Orthodox Observer - May 5, 1999



Beloved Brothers and Sisters in Christ,

ΧΡΙΣΤΟΣ ΑΝΕΣΤΗ!  Christ is Risen!

You have heard the Gospel reading today. (John 5:1-15). For 38 years, that paralyzed man had been waiting by the Pool of Bethesda, waiting for healing, waiting for forgiveness, waiting for salvation. And when the Lord Jesus Christ approached him and asked him 'Do you want to be made well? Do you want to be healed? Do you want to be saved?', what was his reply? 'I have no man . . . I have no one to bring me to these waters of refreshment, to dip me in this pool of healing, to wash me in the streams of salvation.'

What a tragic statement about our human condition. Could no one be found to help this man, whose life was paralyzed -- not only by physical disability -- but by fear, anxiety, guilt and shame? Like the wounded traveler on the road to Jericho, love had passed him by. No person reached out to touch his life with the warmth of friendship and the communion of true agape. 38 years without help, but not without hope.

My friends, we do not have 38 years to wait, for we have a living hope, Christ risen with our hearts, our hope for a brighter future. Christ's glory can and will dissolve the gloom of doubt and anxiety. Our Church, our children and our world need us to come together in the light of the Resurrection. We must illuminate the shadows of darkness with this glorious light. This is not a time to decrease our involvement in the Church's mission, but rather to deepen and expand it. We, faithful Orthodox Christians together, need to play a greater role in the world, but we need to play an even greater role in the lives our most precious gift, our children.

When we see children murdered in the very schools that are supposed to be a safe harbor for them; when we see war waged on our televisions night after night, when we see innocent children described as "collateral damage" and countless human beings herded like cattle, this is no time to eclipse the light of Christ's Gospel. This is the time to proclaim our Truth more boldly than ever before.

This is a time for decision. This is a time for action. This is a time for sacrifice. In the final analysis, we are the ones who are lying by the Pool of Bethesda. We are the ones who will choose whether we will respond to the voice of our Lord. Which shall we choose? The paralysis of doubt and anxiety or the freedom of love? Will we seek to heal one another's wounds, or will we pass each other by, indifferent, silent, and alone. It takes hope; it takes expectation; and ultimately, it takes courage -- the courage to live our faith as the Lord commanded us -- with purity of intention, humility and obedience to His Holy Will.

And if it seems that such courage cannot be found in the world today, allow me this moment to praise the memory of someone who found that courage, even in the face of certain death. I am speaking of a young girl, Cassie Bernall, 17 years old, who faced her death in Columbine High School like a Martyr in the arena.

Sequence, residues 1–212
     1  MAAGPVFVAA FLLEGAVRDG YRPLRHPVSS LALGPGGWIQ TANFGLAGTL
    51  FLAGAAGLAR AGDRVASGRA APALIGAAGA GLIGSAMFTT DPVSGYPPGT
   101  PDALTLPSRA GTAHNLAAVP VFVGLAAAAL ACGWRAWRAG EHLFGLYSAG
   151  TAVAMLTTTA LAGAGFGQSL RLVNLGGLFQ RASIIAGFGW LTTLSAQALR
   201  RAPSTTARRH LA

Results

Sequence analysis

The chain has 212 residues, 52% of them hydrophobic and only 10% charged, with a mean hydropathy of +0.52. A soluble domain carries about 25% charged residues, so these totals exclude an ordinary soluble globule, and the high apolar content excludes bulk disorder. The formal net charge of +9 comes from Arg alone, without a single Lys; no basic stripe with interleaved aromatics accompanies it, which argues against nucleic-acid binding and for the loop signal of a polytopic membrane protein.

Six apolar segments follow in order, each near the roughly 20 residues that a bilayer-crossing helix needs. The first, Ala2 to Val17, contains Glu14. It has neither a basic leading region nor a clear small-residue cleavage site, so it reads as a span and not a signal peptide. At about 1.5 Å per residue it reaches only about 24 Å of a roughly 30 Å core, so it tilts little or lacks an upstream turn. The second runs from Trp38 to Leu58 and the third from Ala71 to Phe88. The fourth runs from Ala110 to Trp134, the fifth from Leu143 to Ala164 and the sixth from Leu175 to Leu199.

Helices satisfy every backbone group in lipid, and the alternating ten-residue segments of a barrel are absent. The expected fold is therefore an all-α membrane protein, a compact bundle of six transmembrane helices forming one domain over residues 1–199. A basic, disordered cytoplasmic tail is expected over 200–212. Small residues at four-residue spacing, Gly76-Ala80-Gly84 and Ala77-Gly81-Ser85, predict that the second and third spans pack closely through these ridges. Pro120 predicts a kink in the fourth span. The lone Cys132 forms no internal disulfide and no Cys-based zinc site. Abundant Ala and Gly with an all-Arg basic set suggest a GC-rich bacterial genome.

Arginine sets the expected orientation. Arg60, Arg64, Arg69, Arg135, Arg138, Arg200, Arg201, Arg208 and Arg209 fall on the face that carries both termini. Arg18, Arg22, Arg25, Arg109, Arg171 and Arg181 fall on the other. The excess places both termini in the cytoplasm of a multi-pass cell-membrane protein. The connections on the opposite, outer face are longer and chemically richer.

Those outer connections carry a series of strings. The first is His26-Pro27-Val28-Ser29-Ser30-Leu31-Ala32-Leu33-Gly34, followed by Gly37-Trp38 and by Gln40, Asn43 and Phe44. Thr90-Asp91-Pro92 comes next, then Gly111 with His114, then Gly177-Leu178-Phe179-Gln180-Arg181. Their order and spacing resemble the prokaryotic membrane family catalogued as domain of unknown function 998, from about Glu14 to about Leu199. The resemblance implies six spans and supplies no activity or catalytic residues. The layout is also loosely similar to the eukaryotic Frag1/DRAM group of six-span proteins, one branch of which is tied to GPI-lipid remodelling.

When her killer asked her if she believed in God, knowing that the answer meant she would die that very instant, she replied: "I do believe in God." And what is more miraculous is that she witnessed to her faith in that final moment by telling her executioner: "And you should follow the path of God."

What a testimony of faith! What a miracle of love! What a reason for all of us to hope that even in the nightmare of that slaughter, the light of Christ shines. For by the Resurrection, we know that the light shines on in the darkness, and that darkness can never overcome it!

Now I ask you my friends, my brothers and my sisters, what words do we as parents hope to hear upon the lips of our children? Whose Name will be above every other name in their hearts. If we break our covenant with heaven over the things of this world, then how shall we face God when we are called to account for the living treasures He has entrusted to us, as parents, as teachers, as servants of redemption?

As we continue to pray together this morning and implore the Holy Spirit to come upon us and the gifts we set upon the Holy Altar, let us lift up the faith and the love we have seen in that young girl. This young martyr's angelic witness is a sign for all of us. I behold the waters in the Pool of Bethesda being moved by the angels of God. This is the time to free ourselves from the paralysis of doubt, fear and anxiety and proclaim the name of Christ. Now is the time for us to live as whole, healed, forgiven and forgiving Orthodox Christians. Let us look into each other's eyes and in the full knowledge of our own humanity let us live our faith as we joyfully sing:

It is the Day of Resurrection, let us be radiant for the feast.

Brothers and sisters, let us embrace one another.

Let us say to those that hate us, that in the Resurrection all things are forgiven.

Let us cry aloud with our hearts and souls and minds:
Christ is risen from the dead, trampling down death by death, and to those in the tombs granting life -- life eternal and everlasting lived in the light of His love.

ΧΡΙΣΤΟΣ ΑΝΕΣΤΗ!  Christ is Risen!
Truly the Lord is Risen!

This Homily of His Eminence Archbishop Spyridon was delivered on the fourth Sunday of Pascha (May 2, 1999), at Saints Constantine and Helen Greek Orthodox Cathedral in Cleveland, Ohio.

[ Orthodox Observer - May 5, 1999 - p. 6 ]